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Unlike other jurisdictions
where antitrust enforcement is centralized, in China three agencies enforce the
Chinese Anti-Monopoly Law ("AML"). The AML has been in effect since
August 2008 and continues to evolve as these three agencies adopt additional
regulations. Merger enforcement will continue to be a major focus and source
for consumption of time and resources for foreign companies. We may see more
activity in the cartel enforcement area.
On February 16, 2012 the
Beijing office of Sheppard Mullin had a reception to celebrate the opening of
new office space in China World Trade Center in the central business district.
Firm Chairman Guy Halgren welcomed our 120-plus guests. Prior to the reception,
Sheppard Mullin hosted a roundtable discussion on the Anti-Monopoly Law of
China ("AML"). We had 18 participants, including in-house counsel for
major corporations, as well as the German Chamber of Commerce. Our guest
speaker, Mr. Zhang Yuqing, former director general counsel of the Chinese
Ministry of Commerce ("MOFCOM"), who headed the inter-agency group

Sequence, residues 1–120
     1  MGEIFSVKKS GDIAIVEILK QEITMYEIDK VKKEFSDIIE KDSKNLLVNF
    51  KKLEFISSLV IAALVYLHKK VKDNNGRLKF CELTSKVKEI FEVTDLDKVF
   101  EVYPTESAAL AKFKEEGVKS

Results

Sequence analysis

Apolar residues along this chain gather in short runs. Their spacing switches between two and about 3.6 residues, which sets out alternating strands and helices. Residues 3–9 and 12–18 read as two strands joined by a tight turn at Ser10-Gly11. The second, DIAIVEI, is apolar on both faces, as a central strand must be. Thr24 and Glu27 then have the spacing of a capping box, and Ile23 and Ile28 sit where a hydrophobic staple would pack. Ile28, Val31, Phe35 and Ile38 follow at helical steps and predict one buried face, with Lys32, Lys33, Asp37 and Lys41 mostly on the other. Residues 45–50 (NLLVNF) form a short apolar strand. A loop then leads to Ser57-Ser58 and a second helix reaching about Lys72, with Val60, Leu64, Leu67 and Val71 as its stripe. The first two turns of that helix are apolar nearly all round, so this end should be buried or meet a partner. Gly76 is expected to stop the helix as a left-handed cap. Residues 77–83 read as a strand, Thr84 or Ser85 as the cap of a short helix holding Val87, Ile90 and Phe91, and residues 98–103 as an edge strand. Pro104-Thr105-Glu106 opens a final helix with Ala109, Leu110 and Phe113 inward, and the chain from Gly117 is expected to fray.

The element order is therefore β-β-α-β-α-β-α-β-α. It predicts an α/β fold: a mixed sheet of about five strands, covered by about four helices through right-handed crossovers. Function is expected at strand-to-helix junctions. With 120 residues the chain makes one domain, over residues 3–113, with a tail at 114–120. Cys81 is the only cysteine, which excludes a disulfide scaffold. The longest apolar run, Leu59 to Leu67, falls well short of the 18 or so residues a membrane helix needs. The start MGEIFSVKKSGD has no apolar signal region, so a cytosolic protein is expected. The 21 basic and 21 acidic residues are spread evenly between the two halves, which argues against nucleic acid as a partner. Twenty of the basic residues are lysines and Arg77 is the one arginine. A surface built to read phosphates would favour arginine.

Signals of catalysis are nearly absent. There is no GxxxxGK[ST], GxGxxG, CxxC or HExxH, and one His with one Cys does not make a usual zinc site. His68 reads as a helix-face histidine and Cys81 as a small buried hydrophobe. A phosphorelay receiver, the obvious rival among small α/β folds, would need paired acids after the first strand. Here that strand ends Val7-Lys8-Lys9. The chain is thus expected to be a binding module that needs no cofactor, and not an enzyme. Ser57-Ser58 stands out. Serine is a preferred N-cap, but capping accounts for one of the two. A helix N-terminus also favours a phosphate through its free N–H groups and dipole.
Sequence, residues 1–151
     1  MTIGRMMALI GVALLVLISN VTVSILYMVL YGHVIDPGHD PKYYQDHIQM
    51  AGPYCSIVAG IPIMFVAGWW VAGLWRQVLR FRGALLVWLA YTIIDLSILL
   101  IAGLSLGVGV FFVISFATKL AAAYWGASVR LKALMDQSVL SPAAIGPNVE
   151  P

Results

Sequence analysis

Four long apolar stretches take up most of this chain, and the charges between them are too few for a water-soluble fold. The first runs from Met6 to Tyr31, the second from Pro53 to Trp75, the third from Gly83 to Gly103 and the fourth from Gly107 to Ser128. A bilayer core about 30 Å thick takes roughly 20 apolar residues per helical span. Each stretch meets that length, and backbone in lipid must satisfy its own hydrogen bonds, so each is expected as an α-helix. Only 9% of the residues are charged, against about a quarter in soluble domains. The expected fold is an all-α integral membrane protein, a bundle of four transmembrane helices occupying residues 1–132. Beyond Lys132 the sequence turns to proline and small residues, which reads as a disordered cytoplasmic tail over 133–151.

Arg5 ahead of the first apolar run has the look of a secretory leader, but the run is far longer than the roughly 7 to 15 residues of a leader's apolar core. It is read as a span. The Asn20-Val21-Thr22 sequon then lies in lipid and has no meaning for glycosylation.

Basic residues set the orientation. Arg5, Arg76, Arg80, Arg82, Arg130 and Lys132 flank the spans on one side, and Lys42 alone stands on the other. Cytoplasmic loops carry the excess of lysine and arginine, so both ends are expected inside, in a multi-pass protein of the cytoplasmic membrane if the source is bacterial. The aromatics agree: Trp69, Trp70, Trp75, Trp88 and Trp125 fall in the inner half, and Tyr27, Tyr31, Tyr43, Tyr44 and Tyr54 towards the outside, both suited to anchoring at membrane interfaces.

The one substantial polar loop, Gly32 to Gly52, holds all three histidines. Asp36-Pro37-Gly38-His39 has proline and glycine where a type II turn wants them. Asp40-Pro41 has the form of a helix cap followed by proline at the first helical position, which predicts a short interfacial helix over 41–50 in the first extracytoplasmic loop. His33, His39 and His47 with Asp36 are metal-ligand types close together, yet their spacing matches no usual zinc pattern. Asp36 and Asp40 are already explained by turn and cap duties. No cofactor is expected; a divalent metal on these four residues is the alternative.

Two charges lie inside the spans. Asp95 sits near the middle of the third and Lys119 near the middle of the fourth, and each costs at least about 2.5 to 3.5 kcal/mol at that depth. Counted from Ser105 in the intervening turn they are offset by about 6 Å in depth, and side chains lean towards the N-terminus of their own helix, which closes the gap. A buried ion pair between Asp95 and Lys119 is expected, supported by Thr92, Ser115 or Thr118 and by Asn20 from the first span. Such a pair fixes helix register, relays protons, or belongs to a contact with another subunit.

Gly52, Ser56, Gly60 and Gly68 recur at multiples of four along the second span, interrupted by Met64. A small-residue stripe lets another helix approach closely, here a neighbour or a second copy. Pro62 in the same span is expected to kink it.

which developed the AML, spoke on two topics which will probably be "hot"
this year: a new regulation which will fine companies which didn't report their
transactions and went ahead with the transactions, and another regulation that
deals with national security review. Gary Halling, head of Sheppard Mullin's
antitrust practice, spoke about recent enforcement trends in the U.S,
specifically with respect to cartels. Michael Zhang of Sheppard Mullin's
Shanghai office also attended and gave his views on investment structures. The
subsequent discussion among the participants was lively.
Antitrust Roundtable, February 16, 2012
China Anti-Monopoly Law: What might we see in 2012?
Let us begin with a look at the past three years of antitrust enforcement in
China and recent trends in the US. Today, we are lucky to have with us Zhang
Yuqing, former general counsel for MOFTEC/MOFCOM, who led an inter-agency
working group to develop the Anti-Monopoly Law and Gary Halling, head of
Sheppard Mullin's antitrust practice. I will open with a brief summary of some
highlights of antitrust enforcement in China and the US so that we have a
backdrop or framework for our discussion.
China Anti-Monopoly Law: it's still evolving
Unlike other jurisdictions where antitrust enforcement is centralized, in China
three agencies enforce the Chinese Anti-Monopoly Law ("AML"). The
Ministry of Commerce ("MOFCOM") handles mergers, while cases related
to anticompetitive conduct are split between the National Development and
Reform Commission ("NDRC") and the State Administration for Industry
and Commerce ("SAIC"). The NDRC handles price-related violations and
SAIC the non-price related violations. The AML has been in effect since August
2008 and continues to evolve as these three agencies adopt additional
regulations in order to provide more guidance on and clarification of such aspects
as terminology, procedures, and enforcement.
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